Cache Memory: As an adjunct to the main memory, a smaller, faster RAM unit, called a cache, is used to hold sections of a program that are currently being executed, along with any associated data. The cache is tightly coupled with the processor and is usually contained on the same integrated-circuit chip. The purpose of the cache is to facilitate high instruction execution rates. Secondary Storage
 
Although primary memory is essential, it tends to be expensive and does not retain information when power is turned off. Thus additional, less expensive, permanent secondary storage is used when large amounts of data and many programs have to be stored, particularly for information that is accessed infrequently.
 
Access times for secondary storage are longer than for primary memory.
 
A wide selection of secondary storage devices is available, including magnetic disks, optical
disks (DVD and CD), and flash memory devices.
 Arithmetic and Logic Unit
 
Most computer operations are executed in the arithmetic and logic unit (ALU) of the processor.
 
Any arithmetic or logic operation, such as addition, subtraction, multiplication division, or comparison of numbers, is initiated by bringing the required operands into the processor, where the operation is performed by the ALU.
 
For example, if two numbers located in the memory are to be added, they are brought into the  processor, and the addition is carried out by the ALU. The sum may then be stored in the memory or retained in the processor for immediate use. Control Unit
 
The memory, arithmetic and logic, and I/O units store and process information and perform input and output operations.
 
The operation of these units must be coordinated by the control unit.
 
The control unit is effectively the nerve center that sends control signals to other units and senses their states.
 
Control circuits are responsible for generating the timing signals that govern the transfers and determine when a given action is to take place.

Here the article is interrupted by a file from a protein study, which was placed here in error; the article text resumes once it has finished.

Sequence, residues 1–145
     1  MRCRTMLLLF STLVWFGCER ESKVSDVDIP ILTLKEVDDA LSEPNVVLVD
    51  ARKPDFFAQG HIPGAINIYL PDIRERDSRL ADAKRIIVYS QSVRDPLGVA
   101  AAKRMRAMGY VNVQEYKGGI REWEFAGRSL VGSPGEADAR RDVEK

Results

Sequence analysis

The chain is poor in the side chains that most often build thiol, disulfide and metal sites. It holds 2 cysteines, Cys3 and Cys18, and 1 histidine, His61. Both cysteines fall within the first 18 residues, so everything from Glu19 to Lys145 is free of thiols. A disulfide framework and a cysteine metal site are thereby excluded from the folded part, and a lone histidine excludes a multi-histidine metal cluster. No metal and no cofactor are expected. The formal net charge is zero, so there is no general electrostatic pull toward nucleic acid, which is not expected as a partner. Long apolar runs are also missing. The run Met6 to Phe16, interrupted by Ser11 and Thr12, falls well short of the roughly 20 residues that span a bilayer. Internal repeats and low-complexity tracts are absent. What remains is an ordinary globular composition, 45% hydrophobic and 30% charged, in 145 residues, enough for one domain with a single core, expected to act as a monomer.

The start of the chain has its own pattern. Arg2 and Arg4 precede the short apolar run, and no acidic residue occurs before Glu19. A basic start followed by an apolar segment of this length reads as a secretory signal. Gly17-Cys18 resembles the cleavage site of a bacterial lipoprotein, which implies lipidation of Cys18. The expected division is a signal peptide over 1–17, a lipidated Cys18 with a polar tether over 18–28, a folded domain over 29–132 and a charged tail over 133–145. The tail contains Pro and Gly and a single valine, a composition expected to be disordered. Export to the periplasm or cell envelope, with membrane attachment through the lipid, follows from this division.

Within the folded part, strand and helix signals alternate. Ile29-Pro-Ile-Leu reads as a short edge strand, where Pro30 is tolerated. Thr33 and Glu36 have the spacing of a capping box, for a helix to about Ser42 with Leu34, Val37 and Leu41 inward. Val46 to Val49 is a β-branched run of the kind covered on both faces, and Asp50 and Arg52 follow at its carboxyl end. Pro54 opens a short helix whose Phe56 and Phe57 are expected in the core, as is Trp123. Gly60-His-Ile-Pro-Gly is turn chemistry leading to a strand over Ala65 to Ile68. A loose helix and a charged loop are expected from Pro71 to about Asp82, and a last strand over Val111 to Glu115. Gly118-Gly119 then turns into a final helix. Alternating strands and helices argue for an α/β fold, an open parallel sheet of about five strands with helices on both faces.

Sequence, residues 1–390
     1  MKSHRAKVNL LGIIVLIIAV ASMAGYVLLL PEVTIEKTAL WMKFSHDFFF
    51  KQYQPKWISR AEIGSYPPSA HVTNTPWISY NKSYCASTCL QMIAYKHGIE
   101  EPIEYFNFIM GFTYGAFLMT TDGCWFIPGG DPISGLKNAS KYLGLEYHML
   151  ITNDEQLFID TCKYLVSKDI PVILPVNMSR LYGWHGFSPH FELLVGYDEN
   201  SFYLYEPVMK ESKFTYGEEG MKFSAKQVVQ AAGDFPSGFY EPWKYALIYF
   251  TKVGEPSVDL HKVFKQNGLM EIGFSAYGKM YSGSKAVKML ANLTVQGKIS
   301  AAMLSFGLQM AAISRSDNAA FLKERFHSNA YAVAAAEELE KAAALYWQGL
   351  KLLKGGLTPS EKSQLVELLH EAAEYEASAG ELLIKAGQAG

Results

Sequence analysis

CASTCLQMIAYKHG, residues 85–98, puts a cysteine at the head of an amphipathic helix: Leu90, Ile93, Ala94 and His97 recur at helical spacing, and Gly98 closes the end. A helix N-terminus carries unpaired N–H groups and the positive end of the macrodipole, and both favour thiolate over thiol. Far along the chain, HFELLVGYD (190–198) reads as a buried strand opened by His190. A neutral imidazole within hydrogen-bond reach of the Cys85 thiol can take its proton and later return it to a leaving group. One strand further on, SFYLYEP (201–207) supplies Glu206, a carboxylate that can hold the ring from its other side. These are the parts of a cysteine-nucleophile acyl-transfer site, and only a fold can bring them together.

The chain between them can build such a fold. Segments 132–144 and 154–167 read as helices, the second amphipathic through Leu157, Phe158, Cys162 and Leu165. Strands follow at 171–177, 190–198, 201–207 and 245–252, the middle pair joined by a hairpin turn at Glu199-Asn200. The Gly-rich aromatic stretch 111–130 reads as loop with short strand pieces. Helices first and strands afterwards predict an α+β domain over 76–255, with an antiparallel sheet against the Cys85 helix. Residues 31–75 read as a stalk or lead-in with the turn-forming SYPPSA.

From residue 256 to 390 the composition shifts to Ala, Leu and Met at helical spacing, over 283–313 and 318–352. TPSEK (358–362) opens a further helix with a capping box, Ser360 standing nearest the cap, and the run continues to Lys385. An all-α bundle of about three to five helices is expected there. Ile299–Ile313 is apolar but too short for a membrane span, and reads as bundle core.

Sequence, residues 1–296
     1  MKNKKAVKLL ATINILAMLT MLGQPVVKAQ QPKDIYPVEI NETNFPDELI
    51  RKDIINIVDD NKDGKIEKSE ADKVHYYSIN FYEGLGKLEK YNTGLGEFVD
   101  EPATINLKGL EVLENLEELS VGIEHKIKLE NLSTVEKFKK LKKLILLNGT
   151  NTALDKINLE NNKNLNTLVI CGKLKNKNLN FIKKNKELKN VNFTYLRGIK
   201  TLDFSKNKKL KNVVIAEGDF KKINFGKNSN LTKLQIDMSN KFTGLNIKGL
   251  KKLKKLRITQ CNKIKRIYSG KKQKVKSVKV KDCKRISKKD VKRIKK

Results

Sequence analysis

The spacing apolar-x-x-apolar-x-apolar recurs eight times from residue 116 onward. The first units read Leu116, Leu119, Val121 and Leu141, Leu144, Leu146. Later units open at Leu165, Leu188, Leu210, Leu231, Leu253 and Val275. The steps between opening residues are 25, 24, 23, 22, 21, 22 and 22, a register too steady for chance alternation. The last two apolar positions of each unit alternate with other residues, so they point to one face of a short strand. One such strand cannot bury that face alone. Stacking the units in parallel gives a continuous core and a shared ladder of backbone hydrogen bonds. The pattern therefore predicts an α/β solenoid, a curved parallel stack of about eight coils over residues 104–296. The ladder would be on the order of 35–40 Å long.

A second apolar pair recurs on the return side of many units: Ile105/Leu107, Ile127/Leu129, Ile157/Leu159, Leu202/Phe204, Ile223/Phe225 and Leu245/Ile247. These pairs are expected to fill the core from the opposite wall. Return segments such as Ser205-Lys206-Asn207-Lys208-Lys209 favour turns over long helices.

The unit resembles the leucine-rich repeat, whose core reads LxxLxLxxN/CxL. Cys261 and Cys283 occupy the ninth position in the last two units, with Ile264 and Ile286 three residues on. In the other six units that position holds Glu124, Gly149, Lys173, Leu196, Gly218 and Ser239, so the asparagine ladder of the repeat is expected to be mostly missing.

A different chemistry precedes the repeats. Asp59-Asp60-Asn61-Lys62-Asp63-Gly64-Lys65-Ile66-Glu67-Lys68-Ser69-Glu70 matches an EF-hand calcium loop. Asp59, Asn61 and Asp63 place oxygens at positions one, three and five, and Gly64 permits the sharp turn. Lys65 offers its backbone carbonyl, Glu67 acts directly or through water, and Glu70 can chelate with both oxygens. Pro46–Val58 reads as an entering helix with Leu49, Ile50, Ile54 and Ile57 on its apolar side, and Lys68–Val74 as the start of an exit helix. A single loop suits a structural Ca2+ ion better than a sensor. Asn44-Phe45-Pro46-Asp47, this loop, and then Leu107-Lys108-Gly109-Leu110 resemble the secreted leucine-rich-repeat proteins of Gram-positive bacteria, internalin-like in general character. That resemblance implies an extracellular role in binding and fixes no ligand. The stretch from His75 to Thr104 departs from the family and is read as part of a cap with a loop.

Data transfers between the processor and the memory are also managed by the control unit through timing signals.
 
Control unit as a well-
defined, physically separate unit that interacts with other parts of the
computer.
 
08.503 Computer Organization and Architecture Module 1 Dept. of ECE, VKCET Page 3
Von-Neumann architecture
 
Only one bus which is used for both data transfers and instruction fetches, and therefore data transfers and instruction fetches must be scheduled - they cannot be performed at the same time
 
 
Only one memory, holds data and programs
 
 
 Need minimum two cycles to complete memory fetching
 
 
Poor memory throughput
 
 
Pipelining is not possible
 
 
Allows easy storing and loading of program between main memory and processor 
 
 
Older architecture, only used for economic and general purpose processors
 Harvard architecture
 
Separate data and instruction busses, allowing transfers to be performed simultaneously on both  busses
 
Possible to have two separate memory systems for data and program
 
Allow two simultaneous memory fetching operations
 
Greater memory bandwidth (throughput)
 
It is easier to pipeline instructions
 
Most of the DSP processor uses this architecture